All local authorities are intrinsically linked with their neighbours on issues such as transport, housing and the economy…
…even the Isle of Wight with its links to Hampshire, Portsmouth and Southampton.
Earlier this month I was in China, where interest in the Northern Powerhouse and Midlands Engine was pronounced because potential investors want to look at opportunities on a regional level, not just individual towns, cities and counties.
That’s why strategic co-operation between councils has never been so important.
Sometimes that will be an informal process, sometimes more official.
We already see a great many Local Enterprise Partnerships crossing local authority lines, recognising the flows of people and money in the modern economy and the need for strategic decision-making.
And of course combined authorities, with a directly elected mayor, are already delivering results right across the country.
Up to now relatively few county councils have been involved in devolution deals.
Devolution has been seen as something for the big cities, the metropolitan centres.
This government remains absolutely committed to the devolution agenda, but I see no reason why its benefits should be limited to the cities.
That’s particularly important given our Industrial Strategy, which is built around the goal of sharing the benefits of growth right across the country – north and south, urban and rural, cities and counties.
Devolution and localism, for me, is all about making decisions at the most appropriate level.
Some things, matters of national importance, will always be best decided at Westminster.
But for everything else, there are all kinds of opportunities to redistribute power in all kinds of ways.
Just look at Transport for the North, set to become a statutory body in the spring, and recognising the benefits of looking at transport on a regional level.
What does this mean for counties?
Well, if you have an idea for making local government work better, one that serves the interests of local people, then please come and tell me about it.
If local people want it, if local businesses want it, I’ll do what I can to help you make it happen.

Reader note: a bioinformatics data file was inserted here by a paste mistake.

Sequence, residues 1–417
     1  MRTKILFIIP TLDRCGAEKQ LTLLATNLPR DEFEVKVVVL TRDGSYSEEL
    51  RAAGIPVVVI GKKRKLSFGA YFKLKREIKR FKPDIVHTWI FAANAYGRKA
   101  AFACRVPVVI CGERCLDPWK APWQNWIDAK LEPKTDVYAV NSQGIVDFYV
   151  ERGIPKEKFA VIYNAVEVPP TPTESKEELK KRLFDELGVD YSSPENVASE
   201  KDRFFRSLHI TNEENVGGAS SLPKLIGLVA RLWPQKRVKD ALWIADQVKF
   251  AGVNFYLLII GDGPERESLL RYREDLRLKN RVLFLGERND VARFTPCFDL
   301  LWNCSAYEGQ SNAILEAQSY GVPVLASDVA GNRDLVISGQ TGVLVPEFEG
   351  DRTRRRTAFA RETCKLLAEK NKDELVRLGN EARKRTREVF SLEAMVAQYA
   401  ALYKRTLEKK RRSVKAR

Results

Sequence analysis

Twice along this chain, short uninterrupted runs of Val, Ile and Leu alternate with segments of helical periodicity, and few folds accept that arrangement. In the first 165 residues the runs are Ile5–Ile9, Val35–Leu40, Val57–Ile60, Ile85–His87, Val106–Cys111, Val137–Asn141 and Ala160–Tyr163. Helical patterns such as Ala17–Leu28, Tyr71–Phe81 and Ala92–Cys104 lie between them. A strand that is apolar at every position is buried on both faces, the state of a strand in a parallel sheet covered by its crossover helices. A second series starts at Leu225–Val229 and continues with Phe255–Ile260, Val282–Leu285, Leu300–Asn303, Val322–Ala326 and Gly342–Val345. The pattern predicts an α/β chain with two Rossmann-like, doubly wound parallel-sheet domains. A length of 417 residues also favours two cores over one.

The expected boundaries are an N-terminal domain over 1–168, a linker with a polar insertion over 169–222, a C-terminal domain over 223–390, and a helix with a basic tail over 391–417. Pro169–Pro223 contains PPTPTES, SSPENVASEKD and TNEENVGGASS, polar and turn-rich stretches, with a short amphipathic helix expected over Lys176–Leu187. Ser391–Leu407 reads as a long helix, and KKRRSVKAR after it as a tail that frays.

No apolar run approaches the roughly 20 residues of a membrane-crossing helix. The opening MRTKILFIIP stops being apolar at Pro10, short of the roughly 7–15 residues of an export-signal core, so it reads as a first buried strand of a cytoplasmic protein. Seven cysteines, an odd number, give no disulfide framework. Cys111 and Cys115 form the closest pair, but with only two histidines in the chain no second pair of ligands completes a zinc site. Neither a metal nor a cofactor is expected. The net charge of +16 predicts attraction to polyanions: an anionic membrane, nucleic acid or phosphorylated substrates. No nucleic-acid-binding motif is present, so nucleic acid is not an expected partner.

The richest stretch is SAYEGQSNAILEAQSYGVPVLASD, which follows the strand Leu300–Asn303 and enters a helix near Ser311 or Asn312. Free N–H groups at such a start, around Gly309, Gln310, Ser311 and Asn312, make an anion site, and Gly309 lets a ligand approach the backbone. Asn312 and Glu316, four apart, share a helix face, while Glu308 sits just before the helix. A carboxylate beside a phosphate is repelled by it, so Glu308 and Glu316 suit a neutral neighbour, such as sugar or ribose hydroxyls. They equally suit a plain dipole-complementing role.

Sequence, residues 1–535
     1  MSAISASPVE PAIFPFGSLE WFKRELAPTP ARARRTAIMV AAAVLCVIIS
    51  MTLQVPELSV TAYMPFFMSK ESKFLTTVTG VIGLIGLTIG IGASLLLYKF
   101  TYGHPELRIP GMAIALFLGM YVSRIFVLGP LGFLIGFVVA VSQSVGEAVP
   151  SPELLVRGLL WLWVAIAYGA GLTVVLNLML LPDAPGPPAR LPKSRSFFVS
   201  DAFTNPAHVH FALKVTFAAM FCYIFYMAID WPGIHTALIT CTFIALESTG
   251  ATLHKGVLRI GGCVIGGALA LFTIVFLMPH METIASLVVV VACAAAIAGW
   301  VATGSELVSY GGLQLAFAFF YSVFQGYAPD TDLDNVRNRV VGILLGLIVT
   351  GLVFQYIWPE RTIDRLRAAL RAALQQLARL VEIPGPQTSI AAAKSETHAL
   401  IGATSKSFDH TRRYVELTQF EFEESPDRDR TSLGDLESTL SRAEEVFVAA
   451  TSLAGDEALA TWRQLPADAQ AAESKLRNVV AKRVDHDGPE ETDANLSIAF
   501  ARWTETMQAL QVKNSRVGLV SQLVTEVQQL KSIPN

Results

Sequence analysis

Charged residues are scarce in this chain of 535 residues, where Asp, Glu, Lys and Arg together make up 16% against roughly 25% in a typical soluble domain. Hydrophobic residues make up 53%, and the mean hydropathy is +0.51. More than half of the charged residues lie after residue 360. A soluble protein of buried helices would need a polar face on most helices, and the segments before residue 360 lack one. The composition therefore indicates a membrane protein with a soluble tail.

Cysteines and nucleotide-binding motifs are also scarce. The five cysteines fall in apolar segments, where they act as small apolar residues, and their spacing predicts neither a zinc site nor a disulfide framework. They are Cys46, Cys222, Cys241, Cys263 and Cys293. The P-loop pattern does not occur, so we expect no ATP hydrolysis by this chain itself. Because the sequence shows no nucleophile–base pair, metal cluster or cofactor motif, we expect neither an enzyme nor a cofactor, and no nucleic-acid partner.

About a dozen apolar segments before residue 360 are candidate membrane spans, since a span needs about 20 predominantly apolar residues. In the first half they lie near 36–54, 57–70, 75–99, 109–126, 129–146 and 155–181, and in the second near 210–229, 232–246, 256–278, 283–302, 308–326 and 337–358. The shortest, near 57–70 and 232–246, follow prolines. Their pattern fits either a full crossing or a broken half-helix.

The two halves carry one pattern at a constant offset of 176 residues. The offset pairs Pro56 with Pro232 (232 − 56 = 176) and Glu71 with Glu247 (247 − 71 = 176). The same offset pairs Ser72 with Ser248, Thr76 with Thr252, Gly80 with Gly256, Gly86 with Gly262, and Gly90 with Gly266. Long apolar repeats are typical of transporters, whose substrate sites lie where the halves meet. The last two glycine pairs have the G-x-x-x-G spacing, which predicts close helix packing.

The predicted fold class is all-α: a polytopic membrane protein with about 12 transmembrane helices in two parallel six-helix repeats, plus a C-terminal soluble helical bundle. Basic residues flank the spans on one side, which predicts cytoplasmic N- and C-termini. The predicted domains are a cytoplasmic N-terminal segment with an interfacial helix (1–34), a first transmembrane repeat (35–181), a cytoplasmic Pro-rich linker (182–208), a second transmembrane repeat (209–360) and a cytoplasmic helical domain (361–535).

And that could include non-mayoral combined authorities in, for example, rural areas where a single figurehead isn’t necessarily suitable.
To help with that process we’re looking at how to design a devolution framework.
As promised in our election manifesto it will be a common set of guidelines.
Rules that everyone plays by, so that everyone involved in the process…
…local authorities, businesses, residents…
…knows where they stand and what is expected of them.
Work is still in the early stages – and I’d welcome your support in shaping the final product.
But I want a framework that, above all else, provides clarity and consistency about what a successful devolution agreement looks like.
What standards will need to be met, what outcomes will need delivered, what red lines there are for the whole process.
Expectations about leadership, scope and levels of local support.
With a clear position on how devolution negotiations should proceed, authorities at all levels will much better placed to develop and put forward proposals that suit the unique needs of their residents and businesses.
It will help ensure that the right decisions are made at the right levels, so that local people get the services they deserve.
Of course, devolution and combined authorities aren’t the only changes that counties are talking about right now.
I’ve now received two proposals setting out competing visions for the future of Buckinghamshire – whether that should be as one unitary or two.